Getting to know the human behind the client
16 June, 2020
I lead my first ‘lockdown’ pitch over Microsoft Teams last month for a global tech company and I had huge reservations about the whole pitch process. Would the Wi-Fi hold out? Would the client be able to hear me? Would someone walk in and start hoovering the carpet at any moment?
All these relatively, uncontrollable hurdles that can add up to additional pre-pitch nerves got me thinking: why am I getting so worked up about this? We’re currently living history and ‘all in this together’ experiencing similar issues. In fact, I now think these simple life obstructions can help humanise the traditional board room pitch culture and ultimately help us to build stronger bonds with clients.
Time and time again, I’ve pitched to potential clients in a board room setting and tried to read the room, understand body language and tried to spark the chemistry in order to inform my approach. But how much do we really get to know the human behind the client in these 45-minute high pressured scenarios? Arguably not very much.
Working from home for the last two months, and seeing life map out on the screen in front of me, has taught me more about the individual than the ‘real time’ boardroom pitch ever has done previously. I’m sure we all remember the hysterical BBC interview with professor Robert Kelly and the invasion of his two children, followed by his wife’s heroic efforts to remove the young intruders from view.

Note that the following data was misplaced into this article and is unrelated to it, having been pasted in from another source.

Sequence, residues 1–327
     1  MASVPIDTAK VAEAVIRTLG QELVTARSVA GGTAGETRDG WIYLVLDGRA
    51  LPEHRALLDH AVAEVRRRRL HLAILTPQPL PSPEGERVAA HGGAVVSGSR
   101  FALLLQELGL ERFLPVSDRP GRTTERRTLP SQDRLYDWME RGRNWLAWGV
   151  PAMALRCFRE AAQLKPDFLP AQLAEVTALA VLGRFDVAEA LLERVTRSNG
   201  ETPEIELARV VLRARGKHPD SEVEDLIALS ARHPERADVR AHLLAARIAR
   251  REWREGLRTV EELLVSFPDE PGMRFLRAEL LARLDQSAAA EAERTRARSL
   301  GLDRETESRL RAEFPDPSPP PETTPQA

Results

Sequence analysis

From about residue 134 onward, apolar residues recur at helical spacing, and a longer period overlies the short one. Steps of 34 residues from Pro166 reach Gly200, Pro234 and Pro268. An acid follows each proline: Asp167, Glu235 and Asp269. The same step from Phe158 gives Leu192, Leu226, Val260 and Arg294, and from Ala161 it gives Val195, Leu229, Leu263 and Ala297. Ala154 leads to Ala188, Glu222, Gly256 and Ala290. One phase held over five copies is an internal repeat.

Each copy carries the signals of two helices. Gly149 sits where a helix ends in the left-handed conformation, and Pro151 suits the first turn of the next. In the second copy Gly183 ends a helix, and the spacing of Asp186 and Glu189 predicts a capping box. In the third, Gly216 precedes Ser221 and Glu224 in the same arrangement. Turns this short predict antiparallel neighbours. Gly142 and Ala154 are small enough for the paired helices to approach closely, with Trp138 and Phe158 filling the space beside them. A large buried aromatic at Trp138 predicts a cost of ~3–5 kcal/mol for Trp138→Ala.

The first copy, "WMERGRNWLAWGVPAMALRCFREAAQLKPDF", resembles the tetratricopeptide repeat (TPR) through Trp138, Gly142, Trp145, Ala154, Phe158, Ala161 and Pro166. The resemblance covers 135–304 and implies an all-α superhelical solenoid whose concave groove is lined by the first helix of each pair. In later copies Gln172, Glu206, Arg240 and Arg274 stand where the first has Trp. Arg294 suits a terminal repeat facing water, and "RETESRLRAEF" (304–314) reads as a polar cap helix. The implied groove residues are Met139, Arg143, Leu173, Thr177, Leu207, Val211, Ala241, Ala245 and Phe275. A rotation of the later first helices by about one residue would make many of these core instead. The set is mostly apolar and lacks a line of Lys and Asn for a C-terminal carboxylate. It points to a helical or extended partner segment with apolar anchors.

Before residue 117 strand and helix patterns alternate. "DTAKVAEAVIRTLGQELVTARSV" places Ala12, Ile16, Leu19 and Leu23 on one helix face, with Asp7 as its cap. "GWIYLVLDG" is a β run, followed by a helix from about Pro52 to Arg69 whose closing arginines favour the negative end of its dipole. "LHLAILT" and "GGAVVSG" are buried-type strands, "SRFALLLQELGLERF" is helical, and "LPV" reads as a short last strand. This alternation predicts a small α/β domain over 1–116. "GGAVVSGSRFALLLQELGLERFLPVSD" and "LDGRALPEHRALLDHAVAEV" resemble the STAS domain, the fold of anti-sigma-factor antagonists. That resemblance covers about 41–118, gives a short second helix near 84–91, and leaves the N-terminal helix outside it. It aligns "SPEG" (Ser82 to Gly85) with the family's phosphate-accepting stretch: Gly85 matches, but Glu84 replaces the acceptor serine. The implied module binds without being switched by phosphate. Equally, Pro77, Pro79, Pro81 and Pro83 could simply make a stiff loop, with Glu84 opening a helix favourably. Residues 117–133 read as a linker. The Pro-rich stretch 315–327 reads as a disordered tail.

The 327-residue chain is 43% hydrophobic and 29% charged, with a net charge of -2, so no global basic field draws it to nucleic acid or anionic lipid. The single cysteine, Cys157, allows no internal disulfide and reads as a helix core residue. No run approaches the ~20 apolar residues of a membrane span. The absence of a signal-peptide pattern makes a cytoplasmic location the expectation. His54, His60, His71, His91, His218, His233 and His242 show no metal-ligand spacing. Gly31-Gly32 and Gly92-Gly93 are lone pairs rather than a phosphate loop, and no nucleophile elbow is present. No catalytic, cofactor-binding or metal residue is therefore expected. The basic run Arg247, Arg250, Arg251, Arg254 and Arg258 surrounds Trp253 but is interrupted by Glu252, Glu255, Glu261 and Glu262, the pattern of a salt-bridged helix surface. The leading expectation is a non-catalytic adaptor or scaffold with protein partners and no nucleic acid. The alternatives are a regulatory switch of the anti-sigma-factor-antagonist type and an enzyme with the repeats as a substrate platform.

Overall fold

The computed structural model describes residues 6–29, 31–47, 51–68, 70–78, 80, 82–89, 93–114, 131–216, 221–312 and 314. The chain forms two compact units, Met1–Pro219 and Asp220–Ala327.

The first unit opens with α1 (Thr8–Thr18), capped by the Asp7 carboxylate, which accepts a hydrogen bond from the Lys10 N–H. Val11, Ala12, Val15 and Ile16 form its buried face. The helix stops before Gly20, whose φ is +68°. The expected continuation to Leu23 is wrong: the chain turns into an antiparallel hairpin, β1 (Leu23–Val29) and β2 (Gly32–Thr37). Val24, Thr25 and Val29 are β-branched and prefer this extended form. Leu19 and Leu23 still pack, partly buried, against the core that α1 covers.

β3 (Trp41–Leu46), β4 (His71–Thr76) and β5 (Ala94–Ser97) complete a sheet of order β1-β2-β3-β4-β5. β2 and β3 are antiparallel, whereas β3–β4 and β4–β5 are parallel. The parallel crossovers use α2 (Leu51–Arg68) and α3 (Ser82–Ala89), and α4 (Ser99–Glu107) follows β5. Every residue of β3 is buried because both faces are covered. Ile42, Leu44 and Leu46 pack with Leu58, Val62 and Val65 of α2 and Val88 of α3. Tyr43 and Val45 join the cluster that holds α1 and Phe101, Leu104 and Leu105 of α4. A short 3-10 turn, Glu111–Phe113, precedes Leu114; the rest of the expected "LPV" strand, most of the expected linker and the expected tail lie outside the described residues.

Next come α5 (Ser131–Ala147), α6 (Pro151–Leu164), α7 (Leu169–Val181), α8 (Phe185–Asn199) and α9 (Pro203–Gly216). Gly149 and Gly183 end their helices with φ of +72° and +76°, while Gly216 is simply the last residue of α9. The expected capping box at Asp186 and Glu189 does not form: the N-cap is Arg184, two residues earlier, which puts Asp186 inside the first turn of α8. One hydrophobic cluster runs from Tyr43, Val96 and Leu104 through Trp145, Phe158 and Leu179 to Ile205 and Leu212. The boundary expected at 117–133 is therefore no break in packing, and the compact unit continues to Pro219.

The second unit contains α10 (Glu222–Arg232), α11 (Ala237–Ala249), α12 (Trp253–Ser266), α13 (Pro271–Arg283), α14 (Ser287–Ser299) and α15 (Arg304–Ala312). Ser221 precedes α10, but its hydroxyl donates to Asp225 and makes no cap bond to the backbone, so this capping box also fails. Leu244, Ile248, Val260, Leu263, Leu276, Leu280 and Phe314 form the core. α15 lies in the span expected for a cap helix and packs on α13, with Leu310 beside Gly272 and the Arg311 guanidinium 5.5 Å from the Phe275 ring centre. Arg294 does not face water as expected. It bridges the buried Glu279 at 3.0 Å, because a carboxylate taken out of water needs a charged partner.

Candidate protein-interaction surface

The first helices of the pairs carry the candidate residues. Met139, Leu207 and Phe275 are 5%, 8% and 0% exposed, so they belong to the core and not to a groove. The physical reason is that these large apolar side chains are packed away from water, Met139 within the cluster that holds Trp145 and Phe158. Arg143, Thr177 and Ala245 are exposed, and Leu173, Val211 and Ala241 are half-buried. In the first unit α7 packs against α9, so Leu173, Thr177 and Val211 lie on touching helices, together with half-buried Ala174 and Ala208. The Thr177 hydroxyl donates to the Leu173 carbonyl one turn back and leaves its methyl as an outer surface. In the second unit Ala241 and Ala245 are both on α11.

This is a great example of these ordinary, but authentic moments, that are happening all over the world as we speak. It doesn’t matter whether you’re the CEO of a FTSE 100 company or an ecommerce start-up, for the first time, many people are fitting work around their lives, rather than vice versa.
The working world is entering a new phase, with less business travel, less routine but more conversation and a deeper understanding of the challenges and the lives we’re all leading. The pandemic has meant people can spend more time with their families, be more productive with their day, exercise more and cut out the long commute – and be more ‘human’.
As marketers, we’re in the relationship game. Marketing and communications are a partnership, whether that be client and agency, or freelancer and brand, we all collaborate to inform decision making.
So, has covid-19 fragmented the communication process? Functionally, for a short period maybe. However fundamentally, no. I’ve seen the ‘real’ people – I truly believe that either pitching to, or meeting, people ‘virtually’ has allowed us all to see beyond the corporate mask, beyond the work personas. Seeing a client, or indeed potential client, in their home environment where they’re more relaxed, or where things go wrong, adds to an atmosphere which organically enables ideas to happen and helps us to forge better relationships. And, understanding the individual on a personal level, no matter how small, helps to foster stronger connections and generate better results.
DISCALIMER: we won that lockdown pitch by the way; I wouldn’t be so confident about this blog if we had lost!